LegalNews

Apple drops its lawsuit against Corellium, a maker of security tools

Apple has reached a US$490 million tentative settlement to resolve allegations that in late 2018, the company misrepresented the state of the business in Greater China.

Apple has dropped its intellectual property lawsuit against Corellium, a maker of security tools and virtualization software, reports The Washington Post.

Citing court documents, the article says the two companies have agreed on a confidential settlement to end the lawsuit. However, the Post says that the settlement doesn’t keep Corellium from selling its tools used by security researchers.

In August 2019, Apple sued the virtualization software company with a copyright infringement suit ripping into the developer’s “illegal replication” of “everything” that makes up Apple’s copyrighted operating system and applications.

In the Apple lawsuit, the tech giant says Corellium’s business is based entirely on commercializing the illegal replication of the copyrighted operating system and applications. Apple says the product Corellium offers is a “virtual” version of Apple mobile hardware products that’s accessible to anyone with a web browser. Specifically, the tech giant says Corellium “serves up what it touts as a  perfect digital facsimile of a broad range of Apple’s market-leading devices—recreating with fastidious attention to detail not just the way the operating system and applications appear visually to bona fide purchasers, but also the underlying computer code.” What’s more, it does so without Apple’s permission.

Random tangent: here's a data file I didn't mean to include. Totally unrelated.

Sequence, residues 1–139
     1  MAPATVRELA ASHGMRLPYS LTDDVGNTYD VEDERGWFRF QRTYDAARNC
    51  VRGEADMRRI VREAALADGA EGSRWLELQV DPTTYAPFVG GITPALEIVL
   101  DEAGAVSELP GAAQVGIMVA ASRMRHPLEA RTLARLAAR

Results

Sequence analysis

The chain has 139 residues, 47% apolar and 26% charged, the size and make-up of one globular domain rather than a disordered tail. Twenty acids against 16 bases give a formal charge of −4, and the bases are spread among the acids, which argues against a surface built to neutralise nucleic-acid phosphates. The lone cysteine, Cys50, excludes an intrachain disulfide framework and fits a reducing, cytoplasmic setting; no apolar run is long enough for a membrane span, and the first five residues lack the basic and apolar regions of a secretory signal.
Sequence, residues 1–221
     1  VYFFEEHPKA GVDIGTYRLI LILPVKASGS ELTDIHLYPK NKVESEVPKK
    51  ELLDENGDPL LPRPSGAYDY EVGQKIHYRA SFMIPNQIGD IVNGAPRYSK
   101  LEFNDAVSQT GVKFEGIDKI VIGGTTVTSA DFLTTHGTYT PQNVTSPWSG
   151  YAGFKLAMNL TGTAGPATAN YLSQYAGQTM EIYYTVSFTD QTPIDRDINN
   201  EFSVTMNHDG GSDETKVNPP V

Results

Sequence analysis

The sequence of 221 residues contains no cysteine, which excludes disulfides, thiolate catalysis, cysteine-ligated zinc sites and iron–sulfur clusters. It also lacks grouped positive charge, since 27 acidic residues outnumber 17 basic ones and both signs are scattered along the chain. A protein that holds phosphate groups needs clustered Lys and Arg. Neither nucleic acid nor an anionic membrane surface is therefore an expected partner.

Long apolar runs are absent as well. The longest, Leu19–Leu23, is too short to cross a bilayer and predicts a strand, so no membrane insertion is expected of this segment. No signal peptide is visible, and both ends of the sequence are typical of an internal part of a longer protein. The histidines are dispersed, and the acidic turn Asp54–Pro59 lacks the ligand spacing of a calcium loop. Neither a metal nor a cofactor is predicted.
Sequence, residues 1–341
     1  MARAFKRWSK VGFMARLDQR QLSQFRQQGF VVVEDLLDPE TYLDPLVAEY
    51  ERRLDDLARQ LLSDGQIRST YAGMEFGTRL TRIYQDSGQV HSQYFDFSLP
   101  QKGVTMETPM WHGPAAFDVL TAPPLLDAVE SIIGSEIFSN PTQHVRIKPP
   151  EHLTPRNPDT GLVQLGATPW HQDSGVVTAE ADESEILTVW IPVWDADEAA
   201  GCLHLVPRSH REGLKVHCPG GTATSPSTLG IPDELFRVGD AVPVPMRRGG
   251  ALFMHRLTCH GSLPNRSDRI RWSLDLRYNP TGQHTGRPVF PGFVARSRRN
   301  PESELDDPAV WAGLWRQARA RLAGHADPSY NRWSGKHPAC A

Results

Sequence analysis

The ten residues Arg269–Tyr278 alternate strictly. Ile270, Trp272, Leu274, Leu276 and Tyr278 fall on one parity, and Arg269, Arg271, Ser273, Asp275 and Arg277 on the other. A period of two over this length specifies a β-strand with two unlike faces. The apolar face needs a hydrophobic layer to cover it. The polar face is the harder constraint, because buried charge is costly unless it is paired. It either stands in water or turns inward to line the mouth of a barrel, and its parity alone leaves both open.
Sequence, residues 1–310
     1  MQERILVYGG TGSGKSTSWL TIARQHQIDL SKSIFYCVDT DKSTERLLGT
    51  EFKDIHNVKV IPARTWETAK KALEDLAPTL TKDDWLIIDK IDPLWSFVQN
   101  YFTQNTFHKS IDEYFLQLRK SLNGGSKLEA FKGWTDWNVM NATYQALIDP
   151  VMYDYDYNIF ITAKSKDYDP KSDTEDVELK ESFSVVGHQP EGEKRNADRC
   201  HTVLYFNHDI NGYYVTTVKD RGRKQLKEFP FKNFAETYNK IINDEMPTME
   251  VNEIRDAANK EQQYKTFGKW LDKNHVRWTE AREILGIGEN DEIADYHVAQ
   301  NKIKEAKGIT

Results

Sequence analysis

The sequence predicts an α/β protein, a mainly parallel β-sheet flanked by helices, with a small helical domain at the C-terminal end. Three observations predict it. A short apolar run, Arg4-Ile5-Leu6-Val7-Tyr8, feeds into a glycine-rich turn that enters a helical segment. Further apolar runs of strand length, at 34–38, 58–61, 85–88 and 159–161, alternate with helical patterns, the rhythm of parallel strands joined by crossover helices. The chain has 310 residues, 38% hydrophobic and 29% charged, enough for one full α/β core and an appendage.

The tech giant wanted an injunction that prohibited sale and access to Corellium products, an order to return owned intellectual property, destruction or impounding of infringing materials, damages and court fees. 

However, a federal judge in Floridatossed Apple’s claims that Corellium had violated copyright law with its software, which helps security researchers find bugs and security holes on Apple’s products. The software gives its customers the ability to run “virtual” iPhones on desktop computers.

The judge in the case ruled that Corellium’s creation of virtual iPhones wasn’t a copyright violation, in part because it was designed to help improve the security for all iPhone users. The judge said that Corellium wasn’t creating a competing product for consumers, but was making a research tool for a comparatively small number of customers.

Dennis Sellers
the authorDennis Sellers
Dennis Sellers is the editor/publisher of Apple World Today. He’s been an “Apple journalist” since 1995 (starting with the first big Apple news site, MacCentral). He loves to read, run, play sports, and watch movies.